The strong hind legs of the rabbit enable it to make prodigious jumps, of eight feet or more; this is a valuable asset to an animal that escapes its enemies by running. The front feet are short and cannot be turned inward like those of the squirrel, to hold food. There are five toes on the front feet, and four on the hind feet; the hair on the bottom of the feet is a protection, much needed by an animal which sits for long periods upon the snow. When sleeping, the front paws are folded under and the rabbit rests on the entire hind foot, with the knee bent, ready for a spring at the slightest alarm; when awake, it rests on the hind feet and front toes; and when it wishes to see if the coast is clear, it rises on its hind feet, with front paws drooping.

The cotton-tail has a color well calculated to protect it from observation; it is brownish-gray on the back and a little lighter along the sides, grayish under the chin and whitish below; the ears are edged with black, and the tail when raised shows a large, white fluff at the rear. The general color of the rabbit fits in with natural surroundings; since the cotton-tail often escapes its enemies by "freezing," this color makes the scheme work well. I once saw a marsh hare, on a stone in a brook, freezing most successfully. I could hardly believe that a living thing could seem so much like a stone; only its bright eyes revealed it to us.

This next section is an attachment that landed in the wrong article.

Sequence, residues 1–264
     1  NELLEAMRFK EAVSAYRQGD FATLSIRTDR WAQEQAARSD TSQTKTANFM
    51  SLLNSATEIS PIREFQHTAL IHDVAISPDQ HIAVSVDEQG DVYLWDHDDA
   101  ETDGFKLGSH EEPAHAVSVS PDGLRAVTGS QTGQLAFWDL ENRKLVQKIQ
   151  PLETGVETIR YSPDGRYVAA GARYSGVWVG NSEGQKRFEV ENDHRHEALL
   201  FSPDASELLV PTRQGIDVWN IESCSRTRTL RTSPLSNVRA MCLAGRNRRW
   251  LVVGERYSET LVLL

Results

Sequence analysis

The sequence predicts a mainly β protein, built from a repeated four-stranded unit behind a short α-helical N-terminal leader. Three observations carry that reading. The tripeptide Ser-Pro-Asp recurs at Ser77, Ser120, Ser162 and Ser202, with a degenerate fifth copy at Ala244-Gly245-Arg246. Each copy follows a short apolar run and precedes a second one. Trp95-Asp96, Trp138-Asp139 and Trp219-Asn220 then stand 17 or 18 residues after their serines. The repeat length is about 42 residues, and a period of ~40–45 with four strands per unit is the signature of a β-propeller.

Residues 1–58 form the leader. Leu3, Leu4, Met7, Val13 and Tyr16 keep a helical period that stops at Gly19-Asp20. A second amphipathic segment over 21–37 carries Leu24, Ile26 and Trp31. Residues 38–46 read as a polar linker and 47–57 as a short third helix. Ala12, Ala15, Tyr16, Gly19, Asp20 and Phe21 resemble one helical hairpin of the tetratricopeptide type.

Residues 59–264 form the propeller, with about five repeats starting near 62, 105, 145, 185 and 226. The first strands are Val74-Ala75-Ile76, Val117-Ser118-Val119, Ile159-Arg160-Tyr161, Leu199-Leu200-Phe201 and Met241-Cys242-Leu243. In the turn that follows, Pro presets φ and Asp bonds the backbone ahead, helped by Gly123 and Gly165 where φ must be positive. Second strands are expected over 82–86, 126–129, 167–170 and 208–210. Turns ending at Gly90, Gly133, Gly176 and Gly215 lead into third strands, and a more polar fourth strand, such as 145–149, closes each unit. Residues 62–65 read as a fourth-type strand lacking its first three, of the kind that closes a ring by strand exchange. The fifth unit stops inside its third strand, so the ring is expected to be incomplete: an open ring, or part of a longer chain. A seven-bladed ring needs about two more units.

The rabbit cleans itself in amusing ways. It shakes its feet, one at a time, with great vigor and rapidity to get off the dirt and then licks them clean. It washes its face with both front paws at once. It scratches its ear with the hind foot, and pushes it forward so that it can be licked; it takes hold of its fur with its front feet to pull it around within reach of the tongue.


Washing up

The cotton-tail does not dig a burrow, but sometimes occupies the deserted burrow of a woodchuck or skunk. Its nest is called a "form," which simply means a place beneath a cover of grass or briars, where the grass is beaten down or eaten out for a space large enough for the animal to sit. The mother makes a soft bed for the young, using grass and her own hair for the purpose; and she constructs a coarse felted coverlet, under which she tucks her babies with care, every time she leaves them. Young rabbits are blind at first, but when about three weeks old, are sufficiently grown to run quite rapidly. Although there may be five or six in a litter, yet there are so many enemies that only a few escape.